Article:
NATO’s announcement that it would remain until a transfer to Afghan forces in 2014 has also convinced people that it will not withdraw quickly, he said.
“The Americans are more serious, and another thing that made people hopeful was when they said they would stay until 2014,” the Taliban commander said. “That has made people change their minds.”
That shift in support could hamper Taliban operations, said one landowner, a former guerrilla fighter who has Taliban contacts. “It will hurt the leadership because they will not have people to work for them in the area,” he said.
The Taliban leadership was so concerned that it held a meeting recently to discuss how to counter the American-led offensive and regain key districts around the city of Kandahar, the Taliban member said. They appointed a new commander, Maulavi Sattar, to oversee the winter campaign in Kandahar and are pressing fighters to stall expansion of coalition and government forces in the province, and prevent recruitment of local police officers in the districts.
Nevertheless the Taliban fighters were losing heart and showing signs of division, said the Taliban commander, who has been sheltering in Kandahar city since the insurgents were routed from his district in October.
He said he traveled recently to the Pakistani border town of Chaman and met three Taliban commanders there. But when he asked when they were coming back to Kandahar, they said they were reluctant to return and feared they would be killed. “They said they feared our own men, that other Taliban might betray them,” he said.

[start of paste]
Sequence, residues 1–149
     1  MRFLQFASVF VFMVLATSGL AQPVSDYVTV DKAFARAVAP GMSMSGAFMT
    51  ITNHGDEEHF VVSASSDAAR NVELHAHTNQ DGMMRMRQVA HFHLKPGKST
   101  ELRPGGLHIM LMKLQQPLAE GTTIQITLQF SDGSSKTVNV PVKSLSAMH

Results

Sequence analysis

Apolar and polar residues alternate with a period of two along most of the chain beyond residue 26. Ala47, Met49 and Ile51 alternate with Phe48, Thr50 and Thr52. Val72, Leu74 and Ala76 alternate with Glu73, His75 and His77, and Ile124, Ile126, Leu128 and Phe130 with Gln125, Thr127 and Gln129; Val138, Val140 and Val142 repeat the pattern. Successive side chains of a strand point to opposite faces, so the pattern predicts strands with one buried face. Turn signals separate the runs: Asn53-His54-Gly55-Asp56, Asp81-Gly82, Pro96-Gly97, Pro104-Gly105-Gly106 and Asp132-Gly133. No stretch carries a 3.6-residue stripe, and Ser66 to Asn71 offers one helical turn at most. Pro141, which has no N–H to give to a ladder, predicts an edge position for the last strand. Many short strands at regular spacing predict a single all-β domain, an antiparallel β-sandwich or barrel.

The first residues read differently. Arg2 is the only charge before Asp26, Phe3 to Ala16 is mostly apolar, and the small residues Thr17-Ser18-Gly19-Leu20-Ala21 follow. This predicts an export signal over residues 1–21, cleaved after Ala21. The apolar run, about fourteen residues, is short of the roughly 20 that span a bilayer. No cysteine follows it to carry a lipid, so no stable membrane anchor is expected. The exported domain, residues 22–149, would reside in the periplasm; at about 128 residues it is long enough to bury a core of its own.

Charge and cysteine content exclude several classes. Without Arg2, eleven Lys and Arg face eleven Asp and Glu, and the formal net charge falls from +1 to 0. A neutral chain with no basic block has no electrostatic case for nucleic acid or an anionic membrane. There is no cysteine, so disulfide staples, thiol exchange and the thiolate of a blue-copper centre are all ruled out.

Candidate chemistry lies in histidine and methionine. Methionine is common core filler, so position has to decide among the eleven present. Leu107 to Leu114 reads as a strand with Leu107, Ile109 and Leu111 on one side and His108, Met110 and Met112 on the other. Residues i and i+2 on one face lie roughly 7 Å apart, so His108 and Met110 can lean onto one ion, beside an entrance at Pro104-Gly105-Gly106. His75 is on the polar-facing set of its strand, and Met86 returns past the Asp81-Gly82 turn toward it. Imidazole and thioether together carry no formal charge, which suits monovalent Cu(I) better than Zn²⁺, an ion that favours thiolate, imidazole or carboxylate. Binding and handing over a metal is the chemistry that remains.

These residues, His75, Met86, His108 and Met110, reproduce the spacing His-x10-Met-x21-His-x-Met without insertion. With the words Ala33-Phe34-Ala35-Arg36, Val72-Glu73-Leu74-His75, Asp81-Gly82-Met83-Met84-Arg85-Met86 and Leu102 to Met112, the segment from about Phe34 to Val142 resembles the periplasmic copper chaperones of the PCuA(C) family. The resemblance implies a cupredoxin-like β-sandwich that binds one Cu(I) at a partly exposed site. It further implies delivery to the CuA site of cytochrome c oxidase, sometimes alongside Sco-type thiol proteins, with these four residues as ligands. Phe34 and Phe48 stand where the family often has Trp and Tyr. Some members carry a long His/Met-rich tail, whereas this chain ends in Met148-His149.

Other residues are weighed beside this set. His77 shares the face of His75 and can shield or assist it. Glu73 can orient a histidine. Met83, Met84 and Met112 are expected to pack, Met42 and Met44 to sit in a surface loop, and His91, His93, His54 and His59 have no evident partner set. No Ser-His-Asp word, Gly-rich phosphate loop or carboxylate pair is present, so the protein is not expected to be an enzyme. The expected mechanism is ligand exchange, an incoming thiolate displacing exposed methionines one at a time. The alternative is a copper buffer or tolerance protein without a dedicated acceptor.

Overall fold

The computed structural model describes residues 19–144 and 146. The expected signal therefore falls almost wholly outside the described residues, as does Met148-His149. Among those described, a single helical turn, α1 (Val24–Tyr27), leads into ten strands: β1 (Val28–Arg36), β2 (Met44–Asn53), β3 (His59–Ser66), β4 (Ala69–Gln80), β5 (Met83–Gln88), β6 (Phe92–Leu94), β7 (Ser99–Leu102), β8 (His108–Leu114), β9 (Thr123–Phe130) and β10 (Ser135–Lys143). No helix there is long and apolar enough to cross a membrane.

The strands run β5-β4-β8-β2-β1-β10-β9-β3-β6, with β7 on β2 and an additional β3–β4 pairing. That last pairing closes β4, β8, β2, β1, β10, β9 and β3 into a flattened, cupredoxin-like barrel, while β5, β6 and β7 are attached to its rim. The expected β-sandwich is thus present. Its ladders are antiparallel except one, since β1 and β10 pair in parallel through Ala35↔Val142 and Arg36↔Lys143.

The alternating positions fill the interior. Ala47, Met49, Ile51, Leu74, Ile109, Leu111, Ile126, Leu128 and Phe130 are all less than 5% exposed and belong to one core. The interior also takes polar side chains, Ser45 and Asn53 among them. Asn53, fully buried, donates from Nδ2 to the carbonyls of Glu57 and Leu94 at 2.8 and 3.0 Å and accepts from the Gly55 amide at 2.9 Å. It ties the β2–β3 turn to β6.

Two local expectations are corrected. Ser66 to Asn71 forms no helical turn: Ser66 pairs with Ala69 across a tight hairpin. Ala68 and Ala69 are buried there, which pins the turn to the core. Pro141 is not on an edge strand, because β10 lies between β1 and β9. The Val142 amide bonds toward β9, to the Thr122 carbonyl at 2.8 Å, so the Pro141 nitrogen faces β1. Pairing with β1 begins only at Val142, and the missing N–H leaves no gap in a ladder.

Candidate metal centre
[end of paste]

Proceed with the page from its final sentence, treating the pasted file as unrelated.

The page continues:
The Afghan living in Quetta said that Taliban commanders he knew were trying to recruit and pay others to fight while holding themselves back. “One threw me 50,000 Pakistani rupees and said, ‘If you have anyone who can go and fight, take them and go and fight,’ ” he said. “When they threw me the money, they said, ‘If you don’t want to go and fight, could you find some recruits for the spring?’ ”
The Taliban leaders and commanders will certainly not give up, Afghans familiar with them said. Some of them have moved to Pakistan and will rest up until the spring. Others have shifted to more remote areas, where the coalition and government presence is not as strong.
“The Taliban will come back in the spring, but most people predict that they will not come with the force of previous years because they have been hit very hard and they keep being hit,” the landowner from Kandahar said.
“And if the Americans stay, the Taliban commanders will never come back,” he said.